It really is that simple, but I'll get more detailed for your situation and wag my finger at you a bit. You've been way too nice all these years! Rules Lawyers don't have to be funsuckers. They can be fun, a good resource and can even grow to the point of laughing at their own foibles right along with you. But you have to be firm or else they will walk all over you, like K has with you.
Whether you are in the role of game master, guild leader or liaison to the PUG raid leader, you have to be clear that while a certain amount of private debate will be allowed, the leader is the boss of K. If he's got a problem with that, he knows where the door is -- both physical and virtual. (I'm going with "he" for K to avoid pronoun trouble.) The conflicts that happen in your apartment will be more difficult to deal with, but you can actually handle the WoW one rather easily without any confrontation at all.
Because you are looking to add new members to your guild, now is the perfect time to write up a guild charter -- complete with detailed rules -- and have all current guildies agree to it. To be clear, these rules will not just be the ones to keep K in line but will be the code of behavior you wish all of your guildies to follow. Talk to each guildie privately and individually to iron out the kinks of the charter.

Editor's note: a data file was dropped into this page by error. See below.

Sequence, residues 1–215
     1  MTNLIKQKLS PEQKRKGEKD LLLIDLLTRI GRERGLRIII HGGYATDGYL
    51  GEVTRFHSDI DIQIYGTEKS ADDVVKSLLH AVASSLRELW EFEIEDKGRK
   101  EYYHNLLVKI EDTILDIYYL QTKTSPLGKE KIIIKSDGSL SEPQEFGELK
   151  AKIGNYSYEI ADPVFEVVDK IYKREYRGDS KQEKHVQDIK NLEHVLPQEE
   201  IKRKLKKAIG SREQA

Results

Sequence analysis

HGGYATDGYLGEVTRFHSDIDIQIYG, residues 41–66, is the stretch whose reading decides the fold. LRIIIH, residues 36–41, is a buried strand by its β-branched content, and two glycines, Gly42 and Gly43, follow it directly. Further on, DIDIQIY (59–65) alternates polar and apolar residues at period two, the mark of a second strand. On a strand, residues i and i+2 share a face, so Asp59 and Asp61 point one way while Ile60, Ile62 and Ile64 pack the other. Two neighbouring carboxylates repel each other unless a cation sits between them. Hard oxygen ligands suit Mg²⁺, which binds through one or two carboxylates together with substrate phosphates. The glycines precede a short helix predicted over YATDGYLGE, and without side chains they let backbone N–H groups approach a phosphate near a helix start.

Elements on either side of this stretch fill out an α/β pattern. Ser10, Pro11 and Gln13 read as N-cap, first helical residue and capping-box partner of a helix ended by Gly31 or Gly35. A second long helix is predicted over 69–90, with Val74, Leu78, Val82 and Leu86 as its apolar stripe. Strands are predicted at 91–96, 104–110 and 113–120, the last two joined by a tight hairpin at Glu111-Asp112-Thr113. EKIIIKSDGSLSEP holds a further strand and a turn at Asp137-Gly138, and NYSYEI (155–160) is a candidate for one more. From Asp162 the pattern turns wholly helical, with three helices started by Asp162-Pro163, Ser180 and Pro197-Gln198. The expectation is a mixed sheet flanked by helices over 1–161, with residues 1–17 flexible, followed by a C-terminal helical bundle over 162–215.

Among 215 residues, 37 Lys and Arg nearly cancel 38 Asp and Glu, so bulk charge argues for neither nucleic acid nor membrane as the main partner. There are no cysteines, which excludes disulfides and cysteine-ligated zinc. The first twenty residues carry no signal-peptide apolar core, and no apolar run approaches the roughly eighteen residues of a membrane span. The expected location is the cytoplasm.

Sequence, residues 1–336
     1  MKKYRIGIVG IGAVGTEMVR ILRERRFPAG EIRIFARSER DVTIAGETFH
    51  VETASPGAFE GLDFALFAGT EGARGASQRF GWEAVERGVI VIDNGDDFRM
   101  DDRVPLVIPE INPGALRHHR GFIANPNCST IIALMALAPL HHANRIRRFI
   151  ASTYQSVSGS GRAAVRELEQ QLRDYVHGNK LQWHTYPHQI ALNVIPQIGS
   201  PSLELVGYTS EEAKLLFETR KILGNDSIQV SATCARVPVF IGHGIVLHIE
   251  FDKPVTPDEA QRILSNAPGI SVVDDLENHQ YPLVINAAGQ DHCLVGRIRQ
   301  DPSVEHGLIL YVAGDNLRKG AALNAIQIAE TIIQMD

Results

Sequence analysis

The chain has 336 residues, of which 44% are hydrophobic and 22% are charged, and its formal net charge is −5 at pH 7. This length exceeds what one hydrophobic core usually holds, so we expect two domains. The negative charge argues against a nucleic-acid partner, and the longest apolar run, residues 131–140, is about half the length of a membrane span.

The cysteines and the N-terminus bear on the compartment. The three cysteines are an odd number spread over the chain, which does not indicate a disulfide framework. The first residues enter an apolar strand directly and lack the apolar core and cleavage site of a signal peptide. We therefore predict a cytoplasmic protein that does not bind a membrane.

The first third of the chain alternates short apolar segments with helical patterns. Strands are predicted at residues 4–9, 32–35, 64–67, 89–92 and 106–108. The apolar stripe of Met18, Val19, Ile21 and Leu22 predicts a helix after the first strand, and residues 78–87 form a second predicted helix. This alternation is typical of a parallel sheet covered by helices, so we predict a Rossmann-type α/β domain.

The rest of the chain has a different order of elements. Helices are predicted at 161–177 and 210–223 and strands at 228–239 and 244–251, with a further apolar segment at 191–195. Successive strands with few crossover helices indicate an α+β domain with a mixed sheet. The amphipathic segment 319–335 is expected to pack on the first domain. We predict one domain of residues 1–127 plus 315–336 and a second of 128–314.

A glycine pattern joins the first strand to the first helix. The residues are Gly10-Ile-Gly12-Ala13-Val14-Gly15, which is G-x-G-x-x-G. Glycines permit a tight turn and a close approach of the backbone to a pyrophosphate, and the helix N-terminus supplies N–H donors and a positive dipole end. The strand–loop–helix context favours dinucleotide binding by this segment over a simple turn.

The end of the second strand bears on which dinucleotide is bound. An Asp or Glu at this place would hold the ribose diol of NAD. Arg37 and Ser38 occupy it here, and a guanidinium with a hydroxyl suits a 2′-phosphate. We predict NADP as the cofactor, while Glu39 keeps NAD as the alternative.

Do the same with K. Explain to him that you are setting up these rules to make it easier for everyone to avoid drama once strangers join the guild. Be clear that since you will be holding the newbies to these rules, everyone in the guild will have to follow them as well. There's no need to single him out. (This is also a great time to address any other issues you've been having with your friends and they with you.) Once you've all agreed to the new charter and the ramifications of not following the rules, K will have a new set of rules to be lawyer-y about.
It will be up to you and your fiancée, Tired, to be firm with K about following these rules. And if it comes down to kicking K, do it. You've been giving him the power to suck your fun for long enough.